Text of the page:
Current Issues and Developments in Cross-Border Insolvencies

Prior to its repeal with the enactment of the Bankruptcy Abuse Prevention and Consumer Protection Act, §304 provided authority for adjudicating international insolvency issues before the U.S. Bankruptcy courts where a proceeding had already been filed or would be more appropriately filed in a foreign jurisdiction. The purpose of this section was to shield American creditors and assets located within the Unites States from piecemeal distribution of assets resulting from foreign reorganization or liquidation procedures. Section 304 acted as a jurisdictional aid to foreign bankruptcy representatives by providing for discovery and a structured distribution of assets.

Pursuant to subsection (a), only a “foreign representative” could commence a case “ancillary” to a foreign proceeding. Ancillary proceedings were conducted as adversary proceedings and did not result in a conventional reorganization or liquidation, did not create a bankruptcy estate and did not result in the appointment of a U.S. Trustee. While many of the powers granted trustees and debtors in possession under the Bankruptcy Code were not available to foreign representatives in the context of section 304 ancillary proceedings, many courts interpreted subsection (b) of section 304 to provide a basis for granting relief similar to the relief available to trustees, such as authorizing asset dispositions consistent with section 363, issuing injunctions to the same effect as the automatic stay, and permitting the pursuit of avoidance type actions not based on the bankruptcy code but on choice of law rules. Subsection (c) qualified the expansive powers of subsection (b) by enumerating factors to be weighed when fashioning judicial relief such as ordering the turnover of property, enjoining the disposition or transfer or property or authorizing the taking of discovery. Specifically, subsection (c) provided:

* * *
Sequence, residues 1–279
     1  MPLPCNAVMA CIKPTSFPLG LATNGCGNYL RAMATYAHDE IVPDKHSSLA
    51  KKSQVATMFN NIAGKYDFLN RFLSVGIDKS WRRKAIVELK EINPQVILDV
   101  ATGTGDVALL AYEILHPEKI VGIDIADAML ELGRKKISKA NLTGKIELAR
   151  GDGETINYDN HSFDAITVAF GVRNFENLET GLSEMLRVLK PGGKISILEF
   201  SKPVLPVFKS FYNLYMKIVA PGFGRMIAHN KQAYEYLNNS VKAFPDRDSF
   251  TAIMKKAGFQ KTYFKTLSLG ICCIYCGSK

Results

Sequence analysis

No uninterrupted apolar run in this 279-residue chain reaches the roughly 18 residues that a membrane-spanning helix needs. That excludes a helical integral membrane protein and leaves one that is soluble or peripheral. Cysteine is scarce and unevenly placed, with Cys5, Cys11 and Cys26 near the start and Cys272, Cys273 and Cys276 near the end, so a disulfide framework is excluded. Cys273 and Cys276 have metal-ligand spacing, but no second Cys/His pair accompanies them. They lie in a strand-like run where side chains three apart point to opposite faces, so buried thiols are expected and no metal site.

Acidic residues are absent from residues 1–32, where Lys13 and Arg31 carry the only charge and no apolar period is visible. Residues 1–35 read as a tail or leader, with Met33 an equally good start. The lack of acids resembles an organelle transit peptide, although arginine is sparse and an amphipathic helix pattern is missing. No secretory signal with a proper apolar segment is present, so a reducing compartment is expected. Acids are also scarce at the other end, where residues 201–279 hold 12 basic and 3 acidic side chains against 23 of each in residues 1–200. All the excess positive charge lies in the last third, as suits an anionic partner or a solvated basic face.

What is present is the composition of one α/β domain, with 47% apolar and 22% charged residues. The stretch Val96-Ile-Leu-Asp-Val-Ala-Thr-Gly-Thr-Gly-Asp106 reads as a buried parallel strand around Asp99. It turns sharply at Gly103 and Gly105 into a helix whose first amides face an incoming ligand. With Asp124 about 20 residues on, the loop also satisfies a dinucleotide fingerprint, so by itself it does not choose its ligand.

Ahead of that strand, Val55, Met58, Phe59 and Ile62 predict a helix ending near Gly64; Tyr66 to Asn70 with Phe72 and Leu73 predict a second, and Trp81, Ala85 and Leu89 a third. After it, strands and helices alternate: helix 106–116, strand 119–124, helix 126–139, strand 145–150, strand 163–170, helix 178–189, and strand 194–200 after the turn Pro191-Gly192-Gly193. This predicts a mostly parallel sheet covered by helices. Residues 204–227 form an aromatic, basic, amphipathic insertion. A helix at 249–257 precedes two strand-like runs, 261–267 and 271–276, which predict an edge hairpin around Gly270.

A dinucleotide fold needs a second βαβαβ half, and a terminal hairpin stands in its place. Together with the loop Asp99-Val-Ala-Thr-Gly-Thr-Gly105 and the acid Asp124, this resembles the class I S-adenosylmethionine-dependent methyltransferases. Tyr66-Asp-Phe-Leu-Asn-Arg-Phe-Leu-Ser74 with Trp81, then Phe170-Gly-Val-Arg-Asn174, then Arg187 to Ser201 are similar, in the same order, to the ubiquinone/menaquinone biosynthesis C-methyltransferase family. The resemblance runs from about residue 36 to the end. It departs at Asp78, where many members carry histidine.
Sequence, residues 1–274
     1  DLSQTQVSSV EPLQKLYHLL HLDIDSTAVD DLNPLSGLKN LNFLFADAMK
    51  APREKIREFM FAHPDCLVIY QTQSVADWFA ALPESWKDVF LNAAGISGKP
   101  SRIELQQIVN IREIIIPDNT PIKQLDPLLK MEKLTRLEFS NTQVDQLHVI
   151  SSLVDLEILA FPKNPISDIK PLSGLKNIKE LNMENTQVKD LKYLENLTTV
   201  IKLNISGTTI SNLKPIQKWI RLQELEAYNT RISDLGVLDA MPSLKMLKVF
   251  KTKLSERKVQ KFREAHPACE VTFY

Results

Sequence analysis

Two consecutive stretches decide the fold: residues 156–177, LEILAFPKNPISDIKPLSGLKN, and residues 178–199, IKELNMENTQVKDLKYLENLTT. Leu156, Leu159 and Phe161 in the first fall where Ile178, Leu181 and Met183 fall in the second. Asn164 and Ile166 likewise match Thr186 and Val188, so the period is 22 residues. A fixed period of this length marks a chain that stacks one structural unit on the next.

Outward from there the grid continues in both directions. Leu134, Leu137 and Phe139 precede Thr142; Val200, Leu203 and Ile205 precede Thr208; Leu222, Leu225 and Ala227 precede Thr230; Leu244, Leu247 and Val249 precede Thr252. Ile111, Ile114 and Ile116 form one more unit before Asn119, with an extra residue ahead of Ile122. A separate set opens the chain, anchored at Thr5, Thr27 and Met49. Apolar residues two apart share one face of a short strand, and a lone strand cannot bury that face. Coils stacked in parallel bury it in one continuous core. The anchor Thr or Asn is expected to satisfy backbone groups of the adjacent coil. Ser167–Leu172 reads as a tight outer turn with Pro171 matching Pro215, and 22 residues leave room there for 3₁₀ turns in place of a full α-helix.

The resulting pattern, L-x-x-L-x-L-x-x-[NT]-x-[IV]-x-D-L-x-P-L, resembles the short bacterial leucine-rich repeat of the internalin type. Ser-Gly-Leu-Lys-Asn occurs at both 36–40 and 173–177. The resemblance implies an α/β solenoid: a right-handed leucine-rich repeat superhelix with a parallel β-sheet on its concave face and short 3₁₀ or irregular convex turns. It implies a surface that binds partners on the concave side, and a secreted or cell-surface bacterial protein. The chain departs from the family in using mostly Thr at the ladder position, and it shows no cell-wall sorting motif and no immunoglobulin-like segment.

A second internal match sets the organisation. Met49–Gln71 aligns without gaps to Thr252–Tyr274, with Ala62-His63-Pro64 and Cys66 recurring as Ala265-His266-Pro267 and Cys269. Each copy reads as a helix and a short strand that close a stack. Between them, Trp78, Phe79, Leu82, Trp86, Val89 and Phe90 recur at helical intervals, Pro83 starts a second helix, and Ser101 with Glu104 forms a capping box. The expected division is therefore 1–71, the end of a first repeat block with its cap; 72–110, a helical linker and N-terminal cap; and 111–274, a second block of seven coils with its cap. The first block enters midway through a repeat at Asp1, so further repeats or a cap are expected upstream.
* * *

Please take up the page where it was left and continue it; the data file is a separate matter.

In determining whether to grant relief under subsection (b) of this section, the court shall be guided by what will best assure an economical and expeditious administration of such estate, consistent with –

(1) just treatment of all holders of claims against or interests in such estate

(2) protection of claim holders in the United States against prejudice and inconvenience in the processing of claims in such foreign proceeding

(3) prevention of preferential or fraudulent dispositions of property of such estate

(4) distribution of proceeds of such estate substantially in accordance with the order prescribed by this title

(5) comity

(6) If appropriate, the provision of an opportunity for a fresh start for the individual that such foreign proceedings concerns.

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